Since 1995 the Tunisian government has invested heavily in the country's infrastructure . There are 20,000 kilometers (12,428 miles) of good-quality roads linking all parts of the country; 18,226 kilometers (11,326 miles) of these roads are paved. Having such roads is a considerable feat given that Tunisia is a large country with differing and often inhospitable terrain. There is only 1 modern highway in the country, but a second (from Tunis to Bizerte) is under construction and is expected to be completed by 2002. After 1996, there was a rapid growth in the number of licensed vehicles, which has led to heavy congestion and pollution. The government has made plans to modernize the railway system that is operated by a company called SNCFT. The railways have traditionally transported phosphates and fertilizers, although the number of passengers has been increasing by about 5 percent a year. Still, the SNCFT ran at a loss throughout 2000. There are a total of 2,168 kilometers (1,347 miles) of rail lines in the country.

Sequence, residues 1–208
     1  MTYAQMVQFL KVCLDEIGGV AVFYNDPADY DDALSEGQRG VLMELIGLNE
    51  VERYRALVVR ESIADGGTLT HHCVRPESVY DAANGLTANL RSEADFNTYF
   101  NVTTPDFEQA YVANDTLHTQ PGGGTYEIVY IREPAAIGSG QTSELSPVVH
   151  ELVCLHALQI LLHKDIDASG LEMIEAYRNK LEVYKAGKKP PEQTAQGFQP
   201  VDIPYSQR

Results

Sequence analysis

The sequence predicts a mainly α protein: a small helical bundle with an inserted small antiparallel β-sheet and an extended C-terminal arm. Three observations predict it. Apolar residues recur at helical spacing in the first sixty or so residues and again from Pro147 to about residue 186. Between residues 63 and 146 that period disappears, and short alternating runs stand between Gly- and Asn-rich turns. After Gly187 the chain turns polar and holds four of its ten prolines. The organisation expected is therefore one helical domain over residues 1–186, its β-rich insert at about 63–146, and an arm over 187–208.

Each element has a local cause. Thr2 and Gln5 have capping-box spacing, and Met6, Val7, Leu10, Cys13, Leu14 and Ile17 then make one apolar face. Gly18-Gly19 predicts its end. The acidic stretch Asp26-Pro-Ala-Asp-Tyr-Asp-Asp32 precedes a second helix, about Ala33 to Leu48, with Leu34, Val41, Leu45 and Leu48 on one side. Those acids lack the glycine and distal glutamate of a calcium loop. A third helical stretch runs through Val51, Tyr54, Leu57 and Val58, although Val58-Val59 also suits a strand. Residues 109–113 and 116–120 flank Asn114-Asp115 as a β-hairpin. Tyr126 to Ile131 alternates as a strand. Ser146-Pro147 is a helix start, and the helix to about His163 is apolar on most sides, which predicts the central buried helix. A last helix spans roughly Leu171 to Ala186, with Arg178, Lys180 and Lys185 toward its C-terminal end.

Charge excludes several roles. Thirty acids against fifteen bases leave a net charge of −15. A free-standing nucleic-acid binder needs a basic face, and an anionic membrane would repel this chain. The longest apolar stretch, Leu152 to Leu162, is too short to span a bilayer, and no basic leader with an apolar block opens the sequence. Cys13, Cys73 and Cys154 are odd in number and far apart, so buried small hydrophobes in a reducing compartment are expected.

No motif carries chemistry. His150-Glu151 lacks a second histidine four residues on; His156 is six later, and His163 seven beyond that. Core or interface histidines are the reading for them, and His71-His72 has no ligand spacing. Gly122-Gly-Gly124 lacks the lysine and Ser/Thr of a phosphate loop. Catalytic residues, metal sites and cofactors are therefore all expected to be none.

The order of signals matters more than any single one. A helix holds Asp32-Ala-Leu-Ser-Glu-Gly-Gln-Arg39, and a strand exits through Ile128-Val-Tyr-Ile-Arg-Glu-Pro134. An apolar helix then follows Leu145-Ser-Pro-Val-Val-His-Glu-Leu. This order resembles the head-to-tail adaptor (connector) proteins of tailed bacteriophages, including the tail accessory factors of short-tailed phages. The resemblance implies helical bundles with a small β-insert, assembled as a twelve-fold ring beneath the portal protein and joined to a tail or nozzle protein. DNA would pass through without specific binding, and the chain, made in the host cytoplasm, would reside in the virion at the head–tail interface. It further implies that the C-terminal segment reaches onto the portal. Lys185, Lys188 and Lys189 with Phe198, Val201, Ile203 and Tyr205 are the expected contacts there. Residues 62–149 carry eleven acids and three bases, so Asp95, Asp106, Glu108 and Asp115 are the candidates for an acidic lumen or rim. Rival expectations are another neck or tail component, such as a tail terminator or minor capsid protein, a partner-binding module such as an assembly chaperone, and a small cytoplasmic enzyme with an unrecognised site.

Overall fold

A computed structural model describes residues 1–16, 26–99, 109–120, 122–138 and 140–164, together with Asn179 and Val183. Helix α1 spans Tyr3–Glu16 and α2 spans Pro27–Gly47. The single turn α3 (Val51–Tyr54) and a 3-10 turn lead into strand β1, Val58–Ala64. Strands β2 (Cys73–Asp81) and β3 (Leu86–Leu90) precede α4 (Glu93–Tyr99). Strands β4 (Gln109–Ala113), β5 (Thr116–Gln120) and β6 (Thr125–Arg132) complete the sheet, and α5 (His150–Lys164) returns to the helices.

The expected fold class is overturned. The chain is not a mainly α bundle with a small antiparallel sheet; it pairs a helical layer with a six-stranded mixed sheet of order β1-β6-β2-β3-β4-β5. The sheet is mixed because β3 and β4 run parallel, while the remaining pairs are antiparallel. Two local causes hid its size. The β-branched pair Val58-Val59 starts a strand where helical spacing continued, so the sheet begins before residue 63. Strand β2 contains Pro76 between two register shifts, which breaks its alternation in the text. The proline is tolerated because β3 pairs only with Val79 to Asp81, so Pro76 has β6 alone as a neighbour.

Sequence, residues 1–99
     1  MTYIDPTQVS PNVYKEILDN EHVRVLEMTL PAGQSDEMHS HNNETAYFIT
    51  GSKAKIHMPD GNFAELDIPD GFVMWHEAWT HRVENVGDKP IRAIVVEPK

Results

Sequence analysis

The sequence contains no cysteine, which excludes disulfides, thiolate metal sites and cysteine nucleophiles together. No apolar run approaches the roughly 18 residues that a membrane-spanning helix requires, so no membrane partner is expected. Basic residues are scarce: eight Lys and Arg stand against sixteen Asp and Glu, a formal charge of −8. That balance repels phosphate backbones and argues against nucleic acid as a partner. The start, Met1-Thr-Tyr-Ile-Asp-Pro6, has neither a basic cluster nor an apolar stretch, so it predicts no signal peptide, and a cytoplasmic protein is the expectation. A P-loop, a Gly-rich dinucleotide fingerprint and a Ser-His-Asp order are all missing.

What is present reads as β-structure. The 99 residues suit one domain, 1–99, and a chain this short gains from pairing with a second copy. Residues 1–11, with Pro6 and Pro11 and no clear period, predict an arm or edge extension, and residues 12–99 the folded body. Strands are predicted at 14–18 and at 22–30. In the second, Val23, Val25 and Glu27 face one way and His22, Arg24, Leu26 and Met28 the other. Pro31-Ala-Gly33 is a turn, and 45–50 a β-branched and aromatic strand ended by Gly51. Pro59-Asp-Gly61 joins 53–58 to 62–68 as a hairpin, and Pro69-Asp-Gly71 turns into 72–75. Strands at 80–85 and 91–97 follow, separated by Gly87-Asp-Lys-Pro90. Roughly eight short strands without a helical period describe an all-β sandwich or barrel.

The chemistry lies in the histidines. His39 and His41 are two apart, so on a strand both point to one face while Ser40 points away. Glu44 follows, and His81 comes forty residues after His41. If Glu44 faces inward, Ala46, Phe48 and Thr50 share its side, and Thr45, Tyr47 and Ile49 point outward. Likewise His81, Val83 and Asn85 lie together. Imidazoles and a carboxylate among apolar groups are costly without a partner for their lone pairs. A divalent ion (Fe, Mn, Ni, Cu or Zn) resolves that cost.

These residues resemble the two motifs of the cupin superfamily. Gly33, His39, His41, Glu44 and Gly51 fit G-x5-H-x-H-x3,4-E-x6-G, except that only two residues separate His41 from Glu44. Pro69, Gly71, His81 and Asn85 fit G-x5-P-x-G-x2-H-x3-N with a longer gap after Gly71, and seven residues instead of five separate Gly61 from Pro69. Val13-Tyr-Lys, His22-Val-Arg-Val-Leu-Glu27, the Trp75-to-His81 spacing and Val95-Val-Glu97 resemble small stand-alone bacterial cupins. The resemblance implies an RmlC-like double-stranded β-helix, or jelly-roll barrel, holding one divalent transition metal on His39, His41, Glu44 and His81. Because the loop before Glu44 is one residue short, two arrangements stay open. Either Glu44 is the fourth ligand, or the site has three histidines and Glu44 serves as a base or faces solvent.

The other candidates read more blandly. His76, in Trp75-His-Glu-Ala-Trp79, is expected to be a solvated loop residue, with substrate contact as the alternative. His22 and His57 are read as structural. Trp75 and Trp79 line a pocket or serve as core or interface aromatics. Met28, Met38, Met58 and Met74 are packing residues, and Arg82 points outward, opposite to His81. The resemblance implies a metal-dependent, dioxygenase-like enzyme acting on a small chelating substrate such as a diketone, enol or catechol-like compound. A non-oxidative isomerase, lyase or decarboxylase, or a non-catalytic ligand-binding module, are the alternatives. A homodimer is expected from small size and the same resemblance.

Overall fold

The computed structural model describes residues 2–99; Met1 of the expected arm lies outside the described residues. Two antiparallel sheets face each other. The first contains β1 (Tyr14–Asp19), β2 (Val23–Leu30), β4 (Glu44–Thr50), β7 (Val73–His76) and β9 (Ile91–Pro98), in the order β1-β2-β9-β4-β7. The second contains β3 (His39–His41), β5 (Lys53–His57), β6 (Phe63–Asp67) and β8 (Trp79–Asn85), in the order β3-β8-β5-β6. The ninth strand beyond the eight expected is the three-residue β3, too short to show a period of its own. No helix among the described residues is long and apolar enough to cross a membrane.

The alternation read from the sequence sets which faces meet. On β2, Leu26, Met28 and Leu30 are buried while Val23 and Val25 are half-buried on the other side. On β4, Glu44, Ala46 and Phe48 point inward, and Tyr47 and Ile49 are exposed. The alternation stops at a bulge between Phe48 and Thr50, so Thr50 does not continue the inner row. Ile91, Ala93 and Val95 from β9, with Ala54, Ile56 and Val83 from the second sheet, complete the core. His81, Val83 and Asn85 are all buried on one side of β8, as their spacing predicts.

There are 6 international airports in Tunisia: Tunis-Carthage, Monastir-Skanes, Jerba-Zarzis, Tozeur-Nefta, Tabarka, and Gafsa. The national airline, Tunisair, flies to many European and Middle Eastern countries with the exception of Israel. In turn, most European and Middle Eastern carriers fly into Tunis. The Tunis-Carthage airport has a capacity of 4.5 million passengers a year. There are 8 commercial seaports and 22 smaller ports within Tunisia, known for their inefficient customs officers and bad links to railways and roads.
Tunisians receive their electricity from the state-owned company, Société Tunisienne de l'Electricité et du Gaz (STEG), which can produce 1,974 megawatts of power at full capacity. More than 90 percent of the country's electricity is generated by this company. There are 29 radio stations and 19 television stations. Telecommunications services in Tunisia are poor, rates are high, and Internet use is not common. According the EIU Country Profile 2000, the country had only 30,000 Internet users at the beginning of 1999 and only 2 government-controlled Internet service providers.